There are a few writers, both in film and television, that can get me to watch a film or a show. Such is my faith in Christopher Nolan’s ability to create a compelling story, I fought my dislike of war films to see the quite brilliant Dunkirk. 

   Aaron Sorkin’s best-known works, The West Wing for television and A Few Good Men for stage and film, though brilliant and great examples of his talent are not what makes me want to watch his work. It is his astounding work – which it is rumoured he wrote every episode – on Newsroom, that makes me want to see anything he writes.

     Though other works of hers have been somewhat disappointing, Amy Sherman-Palladino’s sparkling seven seasons of Gilmore Girls, the closest thing to the machine-gun, quick wit of comedies of the forties and fifties, with the cracking dialogue and exchanges, is enough reason for me to check out anything her name is attached to. 

    Widows is on my list of films to watch because it was written by Gillian Flynn. Her script for Gone Girl, from her own book, was phenomenal. There are a few other writers who pique my interest when connected to works. Ricky Gervais is a brilliant writer, as is his sometimes writing partner, Stephen Merchant. 

   The writer who, above all others, will always get me to watch a film or television show is Joss Whedon. The writer/creator of the best single-season television show ever, Firefly – yes it is, fight me! – Whedon also created my favourite show – and one of the best – once again I am prepared to back my statement with fisticuffs! – of all time, Buffy The Vampire Slayer. 

    Like Nolan, attaching Whedon’s name to a project pretty is much a guarantee of parting me from my money. I have to admit, I am a bit of a fanboy when it comes to his works. I am no fan of horror films, but when I heard he wrote The Cabin In The Woods, I watched it. 

    That is not to say that his work is above criticism. I have yet to get through the five seasons of Angel. There was just something about the show that did not gel with me. Having said that, it is still on my ’to watch’ list. Dollhouse was necessarily rushed – the second season was in the balance even before the first had ended. There was never going to be a third. 

   Age Of Ultron, whilst enjoyable was not as good as Avengers Assemble, suffering from creative conflicts behind the scenes. The first six episodes of Agents Of Shield are so bad, they are almost unwatchable. After that, however, the show flies.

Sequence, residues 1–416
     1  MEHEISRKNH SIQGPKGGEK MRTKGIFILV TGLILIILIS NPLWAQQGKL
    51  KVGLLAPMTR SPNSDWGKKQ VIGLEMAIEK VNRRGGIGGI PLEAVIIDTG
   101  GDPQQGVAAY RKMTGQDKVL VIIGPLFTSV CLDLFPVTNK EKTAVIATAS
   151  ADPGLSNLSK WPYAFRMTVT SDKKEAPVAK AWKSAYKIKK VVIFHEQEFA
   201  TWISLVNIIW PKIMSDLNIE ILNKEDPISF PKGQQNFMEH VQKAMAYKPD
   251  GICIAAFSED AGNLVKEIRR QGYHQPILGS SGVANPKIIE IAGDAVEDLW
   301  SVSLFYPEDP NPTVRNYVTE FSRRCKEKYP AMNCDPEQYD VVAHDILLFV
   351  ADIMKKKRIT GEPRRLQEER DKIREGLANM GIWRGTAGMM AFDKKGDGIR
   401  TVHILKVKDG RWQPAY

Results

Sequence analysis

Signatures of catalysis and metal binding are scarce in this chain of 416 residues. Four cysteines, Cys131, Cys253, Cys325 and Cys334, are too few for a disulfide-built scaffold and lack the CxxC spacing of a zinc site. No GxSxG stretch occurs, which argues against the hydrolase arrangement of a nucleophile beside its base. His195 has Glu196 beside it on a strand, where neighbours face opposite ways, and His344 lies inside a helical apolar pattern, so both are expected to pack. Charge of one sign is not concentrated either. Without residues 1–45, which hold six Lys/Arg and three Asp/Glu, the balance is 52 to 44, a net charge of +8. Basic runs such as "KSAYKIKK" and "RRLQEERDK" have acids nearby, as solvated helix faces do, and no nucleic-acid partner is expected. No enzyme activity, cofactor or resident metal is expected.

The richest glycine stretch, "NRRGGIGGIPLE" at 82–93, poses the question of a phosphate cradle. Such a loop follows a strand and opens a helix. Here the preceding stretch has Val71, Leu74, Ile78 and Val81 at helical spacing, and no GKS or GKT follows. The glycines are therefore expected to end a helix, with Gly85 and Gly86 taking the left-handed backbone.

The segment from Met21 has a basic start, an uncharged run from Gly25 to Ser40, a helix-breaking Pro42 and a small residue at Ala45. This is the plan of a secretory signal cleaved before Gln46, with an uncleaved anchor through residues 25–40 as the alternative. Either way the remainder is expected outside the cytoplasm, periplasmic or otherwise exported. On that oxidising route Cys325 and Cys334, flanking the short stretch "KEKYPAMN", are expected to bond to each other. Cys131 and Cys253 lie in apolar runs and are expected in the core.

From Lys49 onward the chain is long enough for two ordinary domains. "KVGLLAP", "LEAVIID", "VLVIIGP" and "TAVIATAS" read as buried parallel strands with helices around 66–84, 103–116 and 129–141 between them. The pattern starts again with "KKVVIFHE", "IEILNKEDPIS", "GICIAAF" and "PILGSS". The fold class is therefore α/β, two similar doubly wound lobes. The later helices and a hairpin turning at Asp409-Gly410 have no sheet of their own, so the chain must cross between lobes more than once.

His take on Shakespeare’s Much Ado About Nothing shows a talent for making even the work one of history’s most famous playwrights even more accessible. Dr. Horrible’s Sing-a-long Blog showed how the internet was meant to be used for showing content, long before everyone with a laptop became a creator. 

    Firefly, to repeat myself, the best single-season series ever written, almost had me in tears when it ended and I knew it was going to end! I saw it years after it was made, so I was completely aware that there was no second season. I was still crushed when it ended. That he had to make Serenity so as to placate the many fans and finish the story was scant consolation. 

    Had the show been created now, with the likes of Netflix and the upcoming Apple tv, it would have, no doubt, been a massive hit. Whedon’s true legacy though will always be Buffy. When he wrote the 1992 film, starring Kristy Swanson and the late Luke Perry, no one could have anticipated the 1997 television series. 

    Though the film undoubtedly had Whedon’s voice, it was not until the television series that his full array of creative skills was really put on show. With the series, Whedon was able to create an ever-evolving story arc, following the tribulations of, not only the fictitious vampire slayer but also the growing pains of teenagers, amplified by their extraordinary circumstances. 

    His work, ably assisted by a cabal of excellent writers, was so influential that it continues to be seen in shows today. The quick-witted wordplay of any teenage serial drama, the high-pressure situations, the emotional discourses, these were all things that were par-for-the-course in Buffy. 

    Whedon’s foray into film, with the MCU projects, and his subsequent break from the studio after Ultron, has seen him go somewhat quiet. One can only hope that Whedon’s personal sabbatical comes to an end soon and we see some work from the great man again soon. 

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